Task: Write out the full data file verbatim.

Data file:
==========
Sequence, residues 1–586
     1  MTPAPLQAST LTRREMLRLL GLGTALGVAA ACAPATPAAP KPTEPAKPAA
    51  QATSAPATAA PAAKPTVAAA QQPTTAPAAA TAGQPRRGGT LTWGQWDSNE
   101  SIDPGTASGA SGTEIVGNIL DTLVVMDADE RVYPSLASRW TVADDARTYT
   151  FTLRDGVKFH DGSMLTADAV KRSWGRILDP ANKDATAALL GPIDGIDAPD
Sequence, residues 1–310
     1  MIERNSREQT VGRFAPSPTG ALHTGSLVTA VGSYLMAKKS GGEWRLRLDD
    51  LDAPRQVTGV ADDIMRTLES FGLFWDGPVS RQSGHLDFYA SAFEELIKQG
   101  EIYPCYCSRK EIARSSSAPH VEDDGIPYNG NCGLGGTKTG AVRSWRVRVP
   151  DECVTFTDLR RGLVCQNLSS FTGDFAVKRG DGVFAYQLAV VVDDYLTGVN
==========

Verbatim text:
Sequence, residues 1–586
     1  MTPAPLQAST LTRREMLRLL GLGTALGVAA ACAPATPAAP KPTEPAKPAA
    51  QATSAPATAA PAAKPTVAAA QQPTTAPAAA TAGQPRRGGT LTWGQWDSNE
   101  SIDPGTASGA SGTEIVGNIL DTLVVMDADE RVYPSLASRW TVADDARTYT
   151  FTLRDGVKFH DGSMLTADAV KRSWGRILDP ANKDATAALL GPIDGIDAPD
Sequence, residues 1–310
     1  MIERNSREQT VGRFAPSPTG ALHTGSLVTA VGSYLMAKKS GGEWRLRLDD
    51  LDAPRQVTGV ADDIMRTLES FGLFWDGPVS RQSGHLDFYA SAFEELIKQG
   101  EIYPCYCSRK EIARSSSAPH VEDDGIPYNG NCGLGGTKTG AVRSWRVRVP
   151  DECVTFTDLR RGLVCQNLSS FTGDFAVKRG DGVFAYQLAV VVDDYLTGVN